years between the wars, maintaining the skills and esprit de corps of
their AIF predecessors. At the outbreak of war in 1939, the 8th,
13th and 20th LH were horse regiments, close to full strength,
and with well trained and experienced officers and men.
A Trooper from Indi Light Horse.
Note the marksman's badges of crossed rifles and Hotchkiss gunner on
his lower sleeve. (Donor C. Weetman)
The war brought rapid change. Many of the
officers and men enlisted in the 2nd AIF. As an example, between
March 1940 and January 1941, 575 members of the 700 strong 20th
LH went to the AIF. The regiments put their horses out to graze
and converted to vehicles. By 1943 the three regiments had
become the 8th Cavalry Regiment (AIF), the 13th Armoured
Regiment , and the 20th Motor Regiment (AIF). All were
engaged in the defence of the Australian mainland and were
stationed in Queensland and Northern Territory.
As the direct threat to Australia lessened,
further changes occurred. The 13th Armoured Regt was disbanded and
its members transferred to other units. Similarly in 1944, the 8th Cavalry
Regt was broken up with many of its members going to
Independent Companies and "Z" Force units. The 20th Motor
Regt was retrained as an infantry battalion and in February 1944
posted to Dutch New Guinea where it served till the end of the war.
The 2/8th Armoured Regiment (AIF) was raised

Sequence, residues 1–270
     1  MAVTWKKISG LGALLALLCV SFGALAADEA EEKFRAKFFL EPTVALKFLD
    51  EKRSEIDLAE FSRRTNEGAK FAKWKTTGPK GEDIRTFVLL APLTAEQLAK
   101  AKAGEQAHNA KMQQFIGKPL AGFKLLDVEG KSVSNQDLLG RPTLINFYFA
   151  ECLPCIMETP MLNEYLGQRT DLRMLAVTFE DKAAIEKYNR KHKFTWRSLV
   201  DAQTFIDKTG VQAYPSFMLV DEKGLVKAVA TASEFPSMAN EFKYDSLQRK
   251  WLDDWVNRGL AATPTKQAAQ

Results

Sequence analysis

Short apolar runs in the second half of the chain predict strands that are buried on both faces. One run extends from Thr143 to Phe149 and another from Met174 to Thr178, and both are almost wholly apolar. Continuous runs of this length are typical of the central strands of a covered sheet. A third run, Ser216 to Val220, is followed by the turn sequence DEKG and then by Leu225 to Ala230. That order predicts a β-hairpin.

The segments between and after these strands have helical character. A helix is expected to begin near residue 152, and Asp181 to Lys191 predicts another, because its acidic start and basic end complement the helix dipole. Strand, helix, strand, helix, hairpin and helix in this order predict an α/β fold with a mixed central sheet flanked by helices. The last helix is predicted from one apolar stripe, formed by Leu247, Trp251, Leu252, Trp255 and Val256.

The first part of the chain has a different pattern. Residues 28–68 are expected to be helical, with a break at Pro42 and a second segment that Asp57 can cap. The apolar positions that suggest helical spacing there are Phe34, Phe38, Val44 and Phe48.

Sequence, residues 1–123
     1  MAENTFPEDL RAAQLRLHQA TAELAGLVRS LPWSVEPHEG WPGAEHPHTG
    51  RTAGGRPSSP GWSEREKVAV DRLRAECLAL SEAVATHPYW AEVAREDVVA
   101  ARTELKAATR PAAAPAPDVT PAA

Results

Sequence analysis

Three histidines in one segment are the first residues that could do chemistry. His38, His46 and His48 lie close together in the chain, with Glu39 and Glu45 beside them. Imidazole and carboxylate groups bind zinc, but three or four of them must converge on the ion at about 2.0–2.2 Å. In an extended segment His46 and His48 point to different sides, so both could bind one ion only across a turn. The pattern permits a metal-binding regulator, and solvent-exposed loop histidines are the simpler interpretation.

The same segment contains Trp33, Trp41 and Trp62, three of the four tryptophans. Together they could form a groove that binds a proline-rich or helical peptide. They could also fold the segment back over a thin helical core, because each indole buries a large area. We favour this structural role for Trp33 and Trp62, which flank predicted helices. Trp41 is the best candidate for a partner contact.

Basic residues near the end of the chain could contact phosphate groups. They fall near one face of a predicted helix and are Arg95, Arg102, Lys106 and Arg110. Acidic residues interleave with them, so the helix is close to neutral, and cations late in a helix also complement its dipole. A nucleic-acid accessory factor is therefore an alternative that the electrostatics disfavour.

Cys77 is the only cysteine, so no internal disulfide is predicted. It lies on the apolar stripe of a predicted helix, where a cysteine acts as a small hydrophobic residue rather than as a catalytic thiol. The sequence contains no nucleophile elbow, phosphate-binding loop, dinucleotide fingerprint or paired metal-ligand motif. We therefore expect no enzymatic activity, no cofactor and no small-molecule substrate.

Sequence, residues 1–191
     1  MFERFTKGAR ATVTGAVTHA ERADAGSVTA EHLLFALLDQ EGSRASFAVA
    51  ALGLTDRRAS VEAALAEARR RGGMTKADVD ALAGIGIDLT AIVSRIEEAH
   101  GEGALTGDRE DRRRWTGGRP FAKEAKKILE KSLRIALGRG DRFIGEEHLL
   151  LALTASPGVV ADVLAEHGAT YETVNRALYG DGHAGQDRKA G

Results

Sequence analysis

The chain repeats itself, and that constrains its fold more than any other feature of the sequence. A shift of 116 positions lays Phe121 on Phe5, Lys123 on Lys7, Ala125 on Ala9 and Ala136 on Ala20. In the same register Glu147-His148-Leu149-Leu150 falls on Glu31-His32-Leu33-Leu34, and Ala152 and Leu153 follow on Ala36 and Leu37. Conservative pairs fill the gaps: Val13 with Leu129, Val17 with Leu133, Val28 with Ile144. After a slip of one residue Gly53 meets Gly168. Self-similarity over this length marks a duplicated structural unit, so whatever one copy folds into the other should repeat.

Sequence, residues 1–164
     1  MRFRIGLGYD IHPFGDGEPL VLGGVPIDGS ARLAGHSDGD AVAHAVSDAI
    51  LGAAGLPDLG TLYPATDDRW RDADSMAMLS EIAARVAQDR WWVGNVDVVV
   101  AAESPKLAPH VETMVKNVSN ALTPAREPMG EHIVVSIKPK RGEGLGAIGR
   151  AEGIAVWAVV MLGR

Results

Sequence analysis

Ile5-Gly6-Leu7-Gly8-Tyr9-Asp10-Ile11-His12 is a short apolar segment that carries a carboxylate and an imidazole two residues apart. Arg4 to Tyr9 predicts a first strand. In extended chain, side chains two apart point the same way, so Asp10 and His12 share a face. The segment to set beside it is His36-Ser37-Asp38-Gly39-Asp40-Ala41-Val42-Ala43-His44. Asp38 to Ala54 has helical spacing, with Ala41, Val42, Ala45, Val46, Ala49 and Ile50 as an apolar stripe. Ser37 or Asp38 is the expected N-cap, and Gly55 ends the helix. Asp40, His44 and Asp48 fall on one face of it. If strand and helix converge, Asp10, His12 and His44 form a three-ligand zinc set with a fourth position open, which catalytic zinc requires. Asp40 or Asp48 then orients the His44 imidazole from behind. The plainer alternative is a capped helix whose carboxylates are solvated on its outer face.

in Victoria in December 1941 as part of the 1st Armoured Division. The
regiment took its title from the 8th ALH which served in
WWI. The Regiment was raised from AIF volunteers, and many
former light horsemen took the opportunity to rejoin a mounted
unit. The first Commanding Officer was Lt Col W G Hopkins who had
commanded both the 13th (Gippsland) LH and 20th (VMR) LH prior
to the war.
The 2/8th Armoured Regt served in northern
Australia and New Guinea. In February 1944, the Regiment
returned to Australia where it was disbanded and converted
by squadrons to Water Landing Craft Companies. The 41st, 42nd and 43rd Aust LC Coys trained in Nth Queensland then served in
Bougainville, Dutch New Guinea and Borneo.
The 8th/13th VMR is a linking of the 8th,
13th and 20th LH Regts. Its title combines the numerical
designation of the first two regiments and the territorial
title of the third, the 20th. The Regiment is the custodian of the guidons of the three regiments which contain battle honours from
the Boer War, WWI and WWII. The regiment's traditional depots
are at Albury, Wangaratta, Benalla and for a period, Cobram.
The Regiment's first Commanding Officer was
Lt Col Tom Fogarty and the first RSM WOI Arch Martin. Both were
former members of the 2/8th Armoured Regt. Other WWII veterans
who joined the Regiment included Major Norman Whitehead
MC, Major Bev McGeoch and Major Reg McDermott. One of those who joined
as a trooper in 1948 was John Neale (ex RAN). Colonel
Neale went on eventually to command the Regiment and finally to
conclude his service in 1992 as Honorary Colonel.
The 8th/13th VMR was initially a tank
regiment equipped with General Grant tanks. In 1957 these were
replaced by Centurion tanks (photo
In 1959, the regiment changed
its role to reconnaissance and was equipped with Ferret,
Saracen, and White scout cars. Through the decades from 1960 the role
of the regiment changed periodically from tank to reconnaissance
to APC, and its major equipment eventually became the M113
In November 1976, the regiment was reduced to
an Independent Squadron: A Sqn 8th/13th VMR, and continued to
train as such till 1992 when it was linked with the
4th/19th Prince of Wales's LH Regiment. The traditions of the
VMR continue to be carried on by the VMR Sqn, 4th/19th PWLH with HQs
at Buna Barracks Albury, the 8th/13th VMR Regimental
Association, and the VMR Museum also at Buna Barracks, Albury.